For good measure, here’s DeepL’s rendering:

It was already September. Twilight was approaching. Those who have not seen the autumn of Kiev will never understand the delicate charm of these hours.

The first star lights up in the sky. The lush autumn gardens are silently waiting for the night, knowing that the stars will surely fall to the ground and the gardens will catch these stars, like in a hammock, in the thick of their leaves and lower them to the ground so gently that no one in the city will even wake up and know about it.

This new edition has helpful notes along with the excellent introduction. It’s a real contribution to literature; I’m glad NYRB commissioned and published it and I hope it’s widely read.


  1. A shooting star is not a star. The former shoots across the sky, whereas the latter sails slowly with the turning of the firmament. Which are the gardens catching?

  2. It sounds like he’s talking about the fixed stars slowly setting. If so, “falling” is a little confusing.

  3. My dictionary says падать can be translated as ‘fall’ or ‘sink’. So fall as snow, not as a stone.

  4. Yes, and if you’re young and imaginative, you can imagine them falling to the ground.

  5. Dmitry Pruss says

    The stats aren’t shooting in Russian, they are falling, as if they were attached to Heaven but shook loose and dropped down to Earth. So Paustovsky’s stars are both kinds at once, flickering now, falling then. I was always mesmerized by his word, too.

    In Vysotsky’s classic song, the falling stars are raining down during the night battle, and the soldier wants to wish to survive upon one, but the wayward star pierces his heart in its fall, even as some others meekly land on the shoulder strips of some officers…

  6. The first stars are fixed stars and light up as the sun’s light diminishes. Then the gardens begin their watchful waiting for the nightly meteor shower of late August and early September – probably the Persied, see e.g. – so that they will be ready to catch the (fanciful) meteorites that will fall to earth as the remnants of the meteors that are incinerated in the atmosphere.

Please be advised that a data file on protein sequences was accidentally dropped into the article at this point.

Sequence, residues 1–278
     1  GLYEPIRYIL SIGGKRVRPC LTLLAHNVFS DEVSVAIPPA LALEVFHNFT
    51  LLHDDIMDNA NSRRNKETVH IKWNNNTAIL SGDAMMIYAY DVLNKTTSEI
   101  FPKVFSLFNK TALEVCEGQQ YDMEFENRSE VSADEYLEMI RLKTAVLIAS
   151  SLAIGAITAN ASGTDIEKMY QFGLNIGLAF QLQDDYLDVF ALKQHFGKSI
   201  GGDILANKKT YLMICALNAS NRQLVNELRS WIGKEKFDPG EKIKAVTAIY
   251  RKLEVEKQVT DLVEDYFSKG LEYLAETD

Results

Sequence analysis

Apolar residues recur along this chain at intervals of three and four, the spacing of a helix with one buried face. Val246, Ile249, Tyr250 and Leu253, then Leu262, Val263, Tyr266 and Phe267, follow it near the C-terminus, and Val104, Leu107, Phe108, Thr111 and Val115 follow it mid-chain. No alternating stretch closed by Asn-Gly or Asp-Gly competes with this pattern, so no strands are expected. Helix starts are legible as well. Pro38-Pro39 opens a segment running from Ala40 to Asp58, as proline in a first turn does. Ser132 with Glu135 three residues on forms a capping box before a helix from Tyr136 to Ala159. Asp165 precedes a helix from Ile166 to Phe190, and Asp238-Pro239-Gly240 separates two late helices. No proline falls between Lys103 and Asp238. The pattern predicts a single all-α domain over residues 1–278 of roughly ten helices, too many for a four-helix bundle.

I say “probably” the Persied because, although the link above shows the dates of the Persied in Kiev in 1950, it doesn’t go further back than that and as I’m no astronomer I can’t say that there wasn’t some movement so that it would have been a different shower as of the early years of the 20th c that he’s presumably describing.

    I just happen to know about the Persied because when I was a boy in summer camp, we would stay up until the early morning hours on the last night to see the falling stars.

  7. The Perseids are the debris of Comet Swift-Tuttle, and they peak around August 11 ± 2 days, so there would have been no substantial fluctuations. Each Earth-orbit, the Earth passes through the debris field.

    The comet itself was first observed in the year 188 [sic] by Chinese astronomers, with an estimated apparent magnitude of 0.1 (brighter than Arcturus, dimmer than Alpha Centauri), and it sheds a lot of junk into its orbit, whose period is 133 years (it is in a 1:11 resonance with Jupiter – 1 cometary orbit for each 11 Jovian orbits). Its last pass was in 1992: I remember seeing it close to the horizon and looking absolutely huuuuuge with rays, um, radiating all around it.

  8. I stand corrected. The September shower is the ε-Perseid meteor shower, as indicated in the link I gave. That works for the Paustovsky passage.
    So I must be improving on my story about watching the Perseids on the last night of camp.

  9. Does Kiev feel (or rather, did it then feel) autumnal in early September?

  10. I don’t know whether this says more about the abilities of modern AI or about my taste, but I actually like the DeepL translation most.

  11. It is surprisingly good.

  12. Paustovsky’s memoirs are really popular in The Netherlands. A couple of years ago, the Dutch translator = together with Paustovksy’s stepson – compiled a book of his letters and diary excerpts, which was in the bestseller list for some weeks.I liked his “Повесть о жизни” a lot, so I also tried his novel “Романтики” but wasn’t really impressed.

    On Paustovsky’s life under the Soviet regime, I recommend Frank Westerman’s Engineers of the Soul.

  13. David Marjanović says

    Does Kiev feel (or rather, did it then feel) autumnal in early September?

    In 1950? Sure.

  14. Dmitry Pruss says